James R. Hannibal - a veteran combat pilot with top-secret clearance from the U.S. government - continues the thrilling international action and intrigue that follow covert operative Nick Baron.
When a suicide bomber shatters the peace of a winter afternoon on the National Mall in Washington, D.C., former pilot and undercover Cerberus operative Nick Baron receives an eerie invitation from the chess app on his phone - a mysterious figure named The Emissary wants to play.
Nick and his covert unit - the Triple Seven Chase team - soon find themselves drawn into battle against an unknown opponent who has resurrected an ancient order of assassins: The legendary Hashashin. And there is a long-awaited prophecy being fulfilled by a series of violent attacks which may culminate in a final apocalypse over Jerusalem.
As the Triple Seven fight to stop each attack, Nick tries to keep The Emissary on the hook by playing their digital chess game. The lines between the game and the fight begin to blur, as every time Nick loses a piece on the board, he loses one of his men. And if Nick cannot find a way to stop the terrorist mastermind, a checkmate may kill millions....
Would you consider the audio edition of Shadow Maker to be better than the print version?
It is hard for an audiobook to compete with the print version. Obviously, the narrator's choices for character voices are not the same as the voices I hear in my head. That said, I thought all of the narrator's choices were good, except for Nick, who I never though of as so East Coast.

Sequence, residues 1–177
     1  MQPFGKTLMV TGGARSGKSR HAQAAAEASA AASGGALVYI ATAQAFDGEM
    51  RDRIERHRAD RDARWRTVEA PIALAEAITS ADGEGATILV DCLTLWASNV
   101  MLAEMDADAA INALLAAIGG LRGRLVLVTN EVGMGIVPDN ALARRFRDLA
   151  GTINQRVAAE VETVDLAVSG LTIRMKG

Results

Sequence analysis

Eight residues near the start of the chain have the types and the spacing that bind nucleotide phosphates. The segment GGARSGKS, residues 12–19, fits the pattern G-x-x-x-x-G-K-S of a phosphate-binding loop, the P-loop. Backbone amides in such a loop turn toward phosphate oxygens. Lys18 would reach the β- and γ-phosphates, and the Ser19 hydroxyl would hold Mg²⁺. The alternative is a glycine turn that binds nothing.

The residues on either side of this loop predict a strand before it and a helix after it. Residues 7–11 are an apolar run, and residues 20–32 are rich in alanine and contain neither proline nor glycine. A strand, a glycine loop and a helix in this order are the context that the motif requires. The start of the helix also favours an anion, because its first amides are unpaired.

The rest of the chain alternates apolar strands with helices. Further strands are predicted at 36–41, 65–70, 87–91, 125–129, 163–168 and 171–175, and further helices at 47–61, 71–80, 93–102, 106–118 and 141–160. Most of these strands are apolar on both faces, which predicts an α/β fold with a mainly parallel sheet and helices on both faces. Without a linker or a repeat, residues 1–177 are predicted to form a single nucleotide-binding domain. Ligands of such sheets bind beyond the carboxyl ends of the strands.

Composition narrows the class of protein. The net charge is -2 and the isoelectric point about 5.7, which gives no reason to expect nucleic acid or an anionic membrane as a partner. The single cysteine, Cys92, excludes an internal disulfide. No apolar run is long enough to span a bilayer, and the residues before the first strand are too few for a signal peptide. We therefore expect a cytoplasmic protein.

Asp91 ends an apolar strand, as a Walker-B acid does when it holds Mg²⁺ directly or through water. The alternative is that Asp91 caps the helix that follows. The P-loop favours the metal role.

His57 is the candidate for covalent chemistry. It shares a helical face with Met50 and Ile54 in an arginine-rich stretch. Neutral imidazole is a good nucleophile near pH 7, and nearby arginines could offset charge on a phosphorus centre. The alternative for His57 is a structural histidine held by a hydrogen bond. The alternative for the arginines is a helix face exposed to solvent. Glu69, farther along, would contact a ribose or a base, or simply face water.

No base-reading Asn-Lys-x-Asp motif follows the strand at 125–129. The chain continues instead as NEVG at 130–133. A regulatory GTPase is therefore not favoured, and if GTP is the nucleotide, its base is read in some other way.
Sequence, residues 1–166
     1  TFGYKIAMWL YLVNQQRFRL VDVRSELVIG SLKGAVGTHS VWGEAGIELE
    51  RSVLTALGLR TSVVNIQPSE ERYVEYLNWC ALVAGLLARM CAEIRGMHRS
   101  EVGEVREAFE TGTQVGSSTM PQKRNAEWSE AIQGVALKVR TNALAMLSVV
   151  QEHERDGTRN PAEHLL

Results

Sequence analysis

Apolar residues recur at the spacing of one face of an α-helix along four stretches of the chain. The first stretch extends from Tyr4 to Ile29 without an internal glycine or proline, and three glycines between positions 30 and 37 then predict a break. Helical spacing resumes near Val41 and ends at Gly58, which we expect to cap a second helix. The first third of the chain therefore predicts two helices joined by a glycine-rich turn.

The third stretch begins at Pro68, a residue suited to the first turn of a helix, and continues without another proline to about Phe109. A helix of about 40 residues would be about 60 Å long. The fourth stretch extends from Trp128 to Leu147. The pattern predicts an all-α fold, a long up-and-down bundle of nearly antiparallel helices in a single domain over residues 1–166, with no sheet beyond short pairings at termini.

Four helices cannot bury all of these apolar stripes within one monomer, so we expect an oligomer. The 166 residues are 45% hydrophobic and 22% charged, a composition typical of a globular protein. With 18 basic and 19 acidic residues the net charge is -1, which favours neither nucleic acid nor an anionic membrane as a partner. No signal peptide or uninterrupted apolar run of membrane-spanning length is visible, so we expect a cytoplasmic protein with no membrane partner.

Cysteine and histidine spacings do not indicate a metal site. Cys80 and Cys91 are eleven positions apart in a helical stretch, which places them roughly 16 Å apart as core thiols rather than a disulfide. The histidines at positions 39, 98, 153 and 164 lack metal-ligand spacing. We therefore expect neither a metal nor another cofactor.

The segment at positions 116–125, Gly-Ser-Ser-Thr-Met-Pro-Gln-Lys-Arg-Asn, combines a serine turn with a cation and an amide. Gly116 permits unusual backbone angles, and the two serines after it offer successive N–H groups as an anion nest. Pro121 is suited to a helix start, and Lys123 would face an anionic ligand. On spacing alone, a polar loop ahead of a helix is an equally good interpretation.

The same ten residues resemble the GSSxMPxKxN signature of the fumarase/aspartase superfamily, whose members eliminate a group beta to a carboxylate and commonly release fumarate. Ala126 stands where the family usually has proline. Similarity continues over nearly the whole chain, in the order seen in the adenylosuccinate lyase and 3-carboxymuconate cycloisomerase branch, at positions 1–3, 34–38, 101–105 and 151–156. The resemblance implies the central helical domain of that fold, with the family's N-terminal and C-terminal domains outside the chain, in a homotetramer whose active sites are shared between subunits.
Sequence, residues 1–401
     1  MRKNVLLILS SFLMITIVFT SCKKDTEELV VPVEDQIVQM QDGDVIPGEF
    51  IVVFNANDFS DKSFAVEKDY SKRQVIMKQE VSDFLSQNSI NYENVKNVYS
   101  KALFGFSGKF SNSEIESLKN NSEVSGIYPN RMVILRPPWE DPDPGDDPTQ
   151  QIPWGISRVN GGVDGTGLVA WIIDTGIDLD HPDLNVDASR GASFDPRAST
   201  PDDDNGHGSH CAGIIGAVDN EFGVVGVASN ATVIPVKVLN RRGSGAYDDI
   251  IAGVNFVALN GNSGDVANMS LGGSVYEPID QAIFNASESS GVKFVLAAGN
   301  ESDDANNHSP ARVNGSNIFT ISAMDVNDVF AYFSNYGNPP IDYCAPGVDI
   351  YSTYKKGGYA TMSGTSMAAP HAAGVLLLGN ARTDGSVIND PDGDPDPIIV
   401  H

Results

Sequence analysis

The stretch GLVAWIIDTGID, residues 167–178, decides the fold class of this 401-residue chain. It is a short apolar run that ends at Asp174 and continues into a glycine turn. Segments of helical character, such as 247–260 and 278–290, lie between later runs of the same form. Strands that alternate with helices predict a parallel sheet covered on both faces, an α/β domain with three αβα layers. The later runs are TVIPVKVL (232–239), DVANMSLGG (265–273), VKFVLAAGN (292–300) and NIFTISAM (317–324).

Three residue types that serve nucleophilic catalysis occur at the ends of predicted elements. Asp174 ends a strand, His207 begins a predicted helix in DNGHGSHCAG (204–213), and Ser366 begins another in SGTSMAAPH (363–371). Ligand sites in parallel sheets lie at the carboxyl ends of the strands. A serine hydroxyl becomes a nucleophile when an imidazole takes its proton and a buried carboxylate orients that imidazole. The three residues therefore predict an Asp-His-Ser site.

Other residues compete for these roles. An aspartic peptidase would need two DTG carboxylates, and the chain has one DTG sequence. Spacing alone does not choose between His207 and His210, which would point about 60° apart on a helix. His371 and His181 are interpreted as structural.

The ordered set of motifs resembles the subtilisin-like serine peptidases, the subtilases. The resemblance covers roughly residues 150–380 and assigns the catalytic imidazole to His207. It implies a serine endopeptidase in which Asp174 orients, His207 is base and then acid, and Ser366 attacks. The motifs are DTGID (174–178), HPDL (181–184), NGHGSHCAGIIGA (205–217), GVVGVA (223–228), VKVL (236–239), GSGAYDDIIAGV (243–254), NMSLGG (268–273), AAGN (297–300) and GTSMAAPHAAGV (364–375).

What other book might you compare Shadow Maker to and why?
Shadow Maker is a heart-pounding exploration of what might happen when a black ops hero runs afoul of a terrorist genius. The dominoes begin to fall and the collateral damage spins out of control, hitting very close to home. The action and covert ops feel puts Shadow Maker in the same category as Black Site, and some of the more recent Clancy material, with the exception that there is no foul language. I enjoyed getting all the intensity and action without cringing from an overabundance of F-bombs.
What does Luke Daniels bring to the story that you wouldn’t experience if you just read the book?
Luke Daniels brings his own intensity to the narrative and dialogue. He also adds grunts, breathing, etc. that add realism to the action.
Was there a moment in the book that particularly moved you?
The most moving moment in this story occurs in the small chapel where Nick and Drake are hiding out, when the priest stands over Rami and the mother of the murdered girl.